Hurricanes, cyclones and typhoons are some of the world’s most powerful natural disasters and claim hundreds of lives yearly. The part of the world you live in determines whether the storm you experience is a hurricane, cyclone or typhoon. Texas is located on the Gulf Coast of the North Atlantic Coast and experiences hurricanes. Hurricane season starts June 1 and ends on Nov 30 each year. If you live in or near a coastal area, check out our hurricane preparedness plan to keep you and your loved ones safe.
Before a hurricane:
- Create a disaster preparedness plan.
- Check your insurance policy for which perils you are insured against.
- Have a place to send/store your pets before disaster strikes.
- Board up the windows to your home.
- Know which route you will take before you leave and have a back-up route in case of road closures.
- Make sure you know which county you live in so you can listen to weather reports.
- Prepare a disaster kit with things like dry food, water, first aid kid and a radio.
- Have cash on hand in case of power outages.
- If you have a travel trailer, make sure it is ready to go with a generator.
- Know which grocery store parking lots allow vehicles to be parked overnight.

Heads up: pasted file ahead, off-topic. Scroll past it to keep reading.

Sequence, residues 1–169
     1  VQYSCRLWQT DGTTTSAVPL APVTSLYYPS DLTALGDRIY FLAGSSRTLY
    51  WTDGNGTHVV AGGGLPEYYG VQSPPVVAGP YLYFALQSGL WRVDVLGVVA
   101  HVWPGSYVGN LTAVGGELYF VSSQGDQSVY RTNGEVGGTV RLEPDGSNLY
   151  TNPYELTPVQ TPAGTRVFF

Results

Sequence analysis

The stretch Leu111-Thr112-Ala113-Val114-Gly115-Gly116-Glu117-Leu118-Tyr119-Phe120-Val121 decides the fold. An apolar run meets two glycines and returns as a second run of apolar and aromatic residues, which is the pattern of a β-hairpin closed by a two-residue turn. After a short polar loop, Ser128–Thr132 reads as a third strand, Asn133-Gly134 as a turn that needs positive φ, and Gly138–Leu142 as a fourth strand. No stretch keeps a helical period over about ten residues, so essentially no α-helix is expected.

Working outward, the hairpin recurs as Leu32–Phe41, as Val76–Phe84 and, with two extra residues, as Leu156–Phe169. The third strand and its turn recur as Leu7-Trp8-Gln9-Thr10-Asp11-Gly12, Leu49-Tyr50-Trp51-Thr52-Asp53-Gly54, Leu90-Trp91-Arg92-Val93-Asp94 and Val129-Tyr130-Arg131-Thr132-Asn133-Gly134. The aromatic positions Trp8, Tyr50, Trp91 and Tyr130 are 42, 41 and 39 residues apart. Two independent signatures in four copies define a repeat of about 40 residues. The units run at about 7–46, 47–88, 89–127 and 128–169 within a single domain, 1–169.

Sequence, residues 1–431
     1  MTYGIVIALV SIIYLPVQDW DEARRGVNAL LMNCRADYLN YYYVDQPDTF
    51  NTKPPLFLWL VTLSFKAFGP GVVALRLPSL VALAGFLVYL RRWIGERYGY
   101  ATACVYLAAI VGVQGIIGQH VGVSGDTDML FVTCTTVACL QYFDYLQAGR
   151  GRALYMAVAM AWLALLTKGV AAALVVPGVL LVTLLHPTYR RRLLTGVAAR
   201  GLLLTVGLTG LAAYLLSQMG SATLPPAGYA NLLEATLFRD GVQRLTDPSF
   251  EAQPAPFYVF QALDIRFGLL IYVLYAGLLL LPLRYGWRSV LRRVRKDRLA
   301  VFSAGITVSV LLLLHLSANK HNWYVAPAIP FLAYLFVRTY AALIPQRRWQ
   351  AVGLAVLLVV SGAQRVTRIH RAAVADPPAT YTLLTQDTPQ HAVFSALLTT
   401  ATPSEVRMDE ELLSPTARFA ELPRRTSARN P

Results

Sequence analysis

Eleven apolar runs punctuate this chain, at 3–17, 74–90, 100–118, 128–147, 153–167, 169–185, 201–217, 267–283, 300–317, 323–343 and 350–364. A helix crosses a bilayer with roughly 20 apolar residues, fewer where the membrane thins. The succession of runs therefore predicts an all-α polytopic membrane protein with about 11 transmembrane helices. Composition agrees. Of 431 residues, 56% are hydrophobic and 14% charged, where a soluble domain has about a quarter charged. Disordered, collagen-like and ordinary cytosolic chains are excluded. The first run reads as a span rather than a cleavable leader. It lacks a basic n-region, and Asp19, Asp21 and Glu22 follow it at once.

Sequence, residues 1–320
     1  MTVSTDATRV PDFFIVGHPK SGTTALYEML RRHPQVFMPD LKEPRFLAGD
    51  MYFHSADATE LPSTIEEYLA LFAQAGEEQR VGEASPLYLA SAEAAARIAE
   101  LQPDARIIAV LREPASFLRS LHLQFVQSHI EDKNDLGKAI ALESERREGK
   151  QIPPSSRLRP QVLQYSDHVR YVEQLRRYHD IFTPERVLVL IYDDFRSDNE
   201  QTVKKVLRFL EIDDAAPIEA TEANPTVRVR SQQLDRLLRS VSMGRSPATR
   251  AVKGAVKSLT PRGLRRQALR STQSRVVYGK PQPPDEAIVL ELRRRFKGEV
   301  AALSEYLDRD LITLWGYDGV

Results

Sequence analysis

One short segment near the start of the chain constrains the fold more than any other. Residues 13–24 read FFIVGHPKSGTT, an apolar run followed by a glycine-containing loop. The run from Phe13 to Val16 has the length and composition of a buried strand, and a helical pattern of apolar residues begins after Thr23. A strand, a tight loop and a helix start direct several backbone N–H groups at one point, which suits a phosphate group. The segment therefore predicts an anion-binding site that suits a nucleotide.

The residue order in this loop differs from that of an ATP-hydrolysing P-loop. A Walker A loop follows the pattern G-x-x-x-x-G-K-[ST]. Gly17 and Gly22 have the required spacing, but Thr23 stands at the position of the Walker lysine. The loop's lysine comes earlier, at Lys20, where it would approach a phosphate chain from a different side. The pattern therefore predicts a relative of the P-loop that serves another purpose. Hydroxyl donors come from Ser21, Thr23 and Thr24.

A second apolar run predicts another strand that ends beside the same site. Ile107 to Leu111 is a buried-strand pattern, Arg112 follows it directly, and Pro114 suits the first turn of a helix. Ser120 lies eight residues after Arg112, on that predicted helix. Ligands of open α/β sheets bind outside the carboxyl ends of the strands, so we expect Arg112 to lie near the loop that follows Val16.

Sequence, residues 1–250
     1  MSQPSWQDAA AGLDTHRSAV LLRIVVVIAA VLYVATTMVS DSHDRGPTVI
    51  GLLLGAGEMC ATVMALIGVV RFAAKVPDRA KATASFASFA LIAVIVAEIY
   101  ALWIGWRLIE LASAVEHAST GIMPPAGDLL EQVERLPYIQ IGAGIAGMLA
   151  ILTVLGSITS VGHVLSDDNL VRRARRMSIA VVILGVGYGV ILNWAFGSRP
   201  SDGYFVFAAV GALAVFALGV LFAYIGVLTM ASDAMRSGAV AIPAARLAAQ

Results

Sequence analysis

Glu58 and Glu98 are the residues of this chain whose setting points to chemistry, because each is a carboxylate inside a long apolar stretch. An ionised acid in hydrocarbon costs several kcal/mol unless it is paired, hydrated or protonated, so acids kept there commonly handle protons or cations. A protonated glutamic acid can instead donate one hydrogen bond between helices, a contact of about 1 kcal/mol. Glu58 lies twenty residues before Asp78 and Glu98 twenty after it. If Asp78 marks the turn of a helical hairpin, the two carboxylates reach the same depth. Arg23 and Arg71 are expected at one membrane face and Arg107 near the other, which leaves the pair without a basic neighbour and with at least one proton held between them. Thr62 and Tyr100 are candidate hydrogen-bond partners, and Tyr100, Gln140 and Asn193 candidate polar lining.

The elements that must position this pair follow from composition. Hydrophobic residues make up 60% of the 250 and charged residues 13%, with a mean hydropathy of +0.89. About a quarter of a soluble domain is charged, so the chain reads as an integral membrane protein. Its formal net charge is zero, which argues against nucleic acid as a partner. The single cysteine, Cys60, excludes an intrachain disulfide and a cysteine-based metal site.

- If flooding is imminent, make sure every person in your household has a life jacket.
- Take inventory and photograph all belongings for your insurance company.
- Leave a bucket in your car for when nature calls (you will thank us for this tip later).
- Pack a fully charged cellphone, outlet charger, car charger and an extra battery pack for 24/7 communication access.
- Pack walkie talkies if you are in an area that loses cell phone service.
During a hurricane:
- Stay away from low-lying areas.
- Seek high ground.
- When officials call for mandatory evacuation, follow instructions.
- If you live in a mobile home, evacuate to a shelter.
- If you don’t evacuate, hunker down in a room without windows.
- Know that the calm period after the storm begins is only the eye of the hurricane and that the other half of the storm is still coming.
- Turn on a radio to keep track of the storm.
- Take shifts sleeping in case of flooding.
After a hurricane:
- Estimate the damage and check for injured people in your immediate area.
- Watch out for post-hurricane flooding.
- Stay out of any floodwater to avoid contact with chemicals or electrocution from damaged power lines.
- Make sure your tap water is safe to drink.
- Do not stay in your home if badly damaged; seek shelter to avoid illness.
- Do not drive through rushing water.
- Ask your neighbors if there is anything you can do to help.